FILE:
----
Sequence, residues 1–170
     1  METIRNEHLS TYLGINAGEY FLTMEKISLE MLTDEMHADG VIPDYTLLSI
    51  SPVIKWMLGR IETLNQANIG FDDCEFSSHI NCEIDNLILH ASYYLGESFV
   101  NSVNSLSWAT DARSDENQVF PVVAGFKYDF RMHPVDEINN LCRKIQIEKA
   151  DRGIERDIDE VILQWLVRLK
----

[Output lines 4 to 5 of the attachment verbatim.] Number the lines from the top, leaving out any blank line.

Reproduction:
   101  NSVNSLSWAT DARSDENQVF PVVAGFKYDF RMHPVDEINN LCRKIQIEKA
   151  DRGIERDIDE VILQWLVRLK